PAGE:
Miracle on 34th Street: I remember the first time I went to New York, I took a photo of the 34th street sign outside Macy's. I don't actually love the old version, but I do like the more recent (mid-90s maybe?) version with hottie Dylan McDermott. And Sir Richard Attenborough does play the sweetest Santa.
Mr. Magoo's Christmas Carol: If you ever want to be scared out of your mind as a child, check out the Ghost of Christmas Future in this movie. Terrifying! But, there are some good tunes in this one, including a whole song about razzleberry dressing, and a heartbreaking one about Scrooge not having a family. It includes the line "A hand for each hand was planned for the world, why don't my fingers reach?" Geez, on retrospect, Mr. Magoo, you're depressing.
A Christmas Story: This really needs no description, but this movie taught me a lot about living in cold weather, as well as why you lock your back door when cooking a turkey. And while I've gotten some questionable gifts, none have been as terrible as the bunny pajamas . . .
Meet Me in St. Louis: I first watched this movie at my grandmother's when I was in elementary school. I watched it so much at her house that she bought me my own copy. Could be questionable as a Christmas movie as it follows the four seasons in the life of the Smith family. Judy Garland plays the main Smith child, Esther, but really the whole family is enchanting. They live in St. Louis at the turn of the 20th century, right before the World's Fair opens (the what? Yeah, wikipedia it, used to be a big deal). The simpler times (washing your hair was a big venture for the evening), family dynamics (sisters scheme to invite the cute boy next door to their brother's party), and songs (The Trolley Song, Have Yourself a Merry Little Christmas) make this movie one of my favorites of all time.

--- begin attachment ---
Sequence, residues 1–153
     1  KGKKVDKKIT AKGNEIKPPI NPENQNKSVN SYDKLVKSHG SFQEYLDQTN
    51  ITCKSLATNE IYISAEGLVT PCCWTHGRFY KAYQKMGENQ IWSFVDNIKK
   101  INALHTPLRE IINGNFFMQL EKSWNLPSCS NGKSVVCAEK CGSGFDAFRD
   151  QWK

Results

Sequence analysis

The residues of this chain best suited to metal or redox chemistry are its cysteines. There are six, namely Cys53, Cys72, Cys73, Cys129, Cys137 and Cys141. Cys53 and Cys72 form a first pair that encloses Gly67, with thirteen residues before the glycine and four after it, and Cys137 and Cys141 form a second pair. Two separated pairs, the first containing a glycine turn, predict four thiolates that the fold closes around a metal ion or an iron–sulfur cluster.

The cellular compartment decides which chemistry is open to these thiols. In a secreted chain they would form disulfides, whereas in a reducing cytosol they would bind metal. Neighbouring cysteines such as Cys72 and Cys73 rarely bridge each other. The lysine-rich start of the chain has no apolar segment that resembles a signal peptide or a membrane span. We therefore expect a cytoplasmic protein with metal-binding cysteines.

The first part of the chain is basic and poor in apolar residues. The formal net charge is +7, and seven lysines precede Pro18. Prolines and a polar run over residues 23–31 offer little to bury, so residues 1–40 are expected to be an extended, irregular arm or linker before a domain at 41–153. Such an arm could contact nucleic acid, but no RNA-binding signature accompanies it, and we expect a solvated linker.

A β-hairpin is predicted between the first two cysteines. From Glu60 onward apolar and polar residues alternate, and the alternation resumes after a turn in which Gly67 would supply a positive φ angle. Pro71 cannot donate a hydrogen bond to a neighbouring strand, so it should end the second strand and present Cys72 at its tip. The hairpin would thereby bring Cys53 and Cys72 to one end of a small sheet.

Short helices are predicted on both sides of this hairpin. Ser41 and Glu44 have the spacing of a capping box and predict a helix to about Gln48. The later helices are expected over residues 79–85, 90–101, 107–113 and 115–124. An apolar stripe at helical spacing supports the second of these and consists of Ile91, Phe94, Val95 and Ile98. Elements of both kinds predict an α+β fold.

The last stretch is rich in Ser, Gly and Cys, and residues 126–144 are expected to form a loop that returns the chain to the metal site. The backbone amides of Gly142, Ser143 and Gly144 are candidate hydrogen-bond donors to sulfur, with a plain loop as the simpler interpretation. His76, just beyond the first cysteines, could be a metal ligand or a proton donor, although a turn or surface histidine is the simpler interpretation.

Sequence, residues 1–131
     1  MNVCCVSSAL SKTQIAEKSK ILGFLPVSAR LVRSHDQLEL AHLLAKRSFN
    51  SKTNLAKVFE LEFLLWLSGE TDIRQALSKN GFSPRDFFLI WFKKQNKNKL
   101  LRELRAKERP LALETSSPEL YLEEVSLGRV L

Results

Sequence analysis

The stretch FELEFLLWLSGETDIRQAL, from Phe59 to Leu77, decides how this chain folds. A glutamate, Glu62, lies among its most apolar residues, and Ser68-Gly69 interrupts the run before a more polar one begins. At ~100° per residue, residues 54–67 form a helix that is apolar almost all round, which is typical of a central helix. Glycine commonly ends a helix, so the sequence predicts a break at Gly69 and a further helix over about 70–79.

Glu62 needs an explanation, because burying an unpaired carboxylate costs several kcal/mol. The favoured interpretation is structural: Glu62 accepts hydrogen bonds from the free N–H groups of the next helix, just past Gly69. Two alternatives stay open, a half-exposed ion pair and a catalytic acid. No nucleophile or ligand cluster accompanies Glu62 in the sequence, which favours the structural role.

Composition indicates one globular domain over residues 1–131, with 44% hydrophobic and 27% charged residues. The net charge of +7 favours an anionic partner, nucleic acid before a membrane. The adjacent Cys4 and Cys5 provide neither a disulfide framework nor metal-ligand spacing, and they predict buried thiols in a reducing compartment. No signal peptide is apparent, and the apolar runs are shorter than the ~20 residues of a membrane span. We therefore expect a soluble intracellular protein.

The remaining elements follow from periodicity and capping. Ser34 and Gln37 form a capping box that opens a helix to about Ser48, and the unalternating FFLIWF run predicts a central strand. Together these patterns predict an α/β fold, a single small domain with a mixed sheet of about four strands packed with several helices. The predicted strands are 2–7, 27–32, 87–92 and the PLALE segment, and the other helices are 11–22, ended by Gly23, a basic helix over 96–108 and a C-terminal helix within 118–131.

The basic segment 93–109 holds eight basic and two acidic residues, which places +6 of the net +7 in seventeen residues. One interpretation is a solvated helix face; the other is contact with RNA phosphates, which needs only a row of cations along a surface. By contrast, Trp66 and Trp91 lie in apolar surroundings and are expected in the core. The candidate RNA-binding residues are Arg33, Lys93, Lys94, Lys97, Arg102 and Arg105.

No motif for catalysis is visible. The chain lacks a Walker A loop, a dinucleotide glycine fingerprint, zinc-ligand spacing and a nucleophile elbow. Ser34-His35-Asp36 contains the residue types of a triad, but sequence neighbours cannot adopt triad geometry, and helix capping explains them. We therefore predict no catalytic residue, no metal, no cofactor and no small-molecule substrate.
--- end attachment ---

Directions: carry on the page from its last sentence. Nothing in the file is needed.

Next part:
Senior year of college, I took a class with friends all about musicals (literally, it was called The Musical). It was a night class held once a week, so we'd take notes for an hour and then watch a movie for the rest. This was one of the movies we watched in class, and I was giddy about it for weeks. To the point that one of my friends asked another friend taking the class "Has Lo told you that Meet Me in St. Louis is one of her favorite movies? Because she's told me several times." One thing I learned about this movie from that class is that it was released at a time when movies about simpler times were very popular. World War II had just ended and the country wanted to be reminded of a time when life was easy (like 40 years earlier). There was also an overwhelming feeling of Americana (due to winning WWII) and movie studios capitalized on that by making films that promoted American pride and showed how great our country is.
Ok, lesson over. Watch Meet Me in St. Louis (and let me know your favorite part!)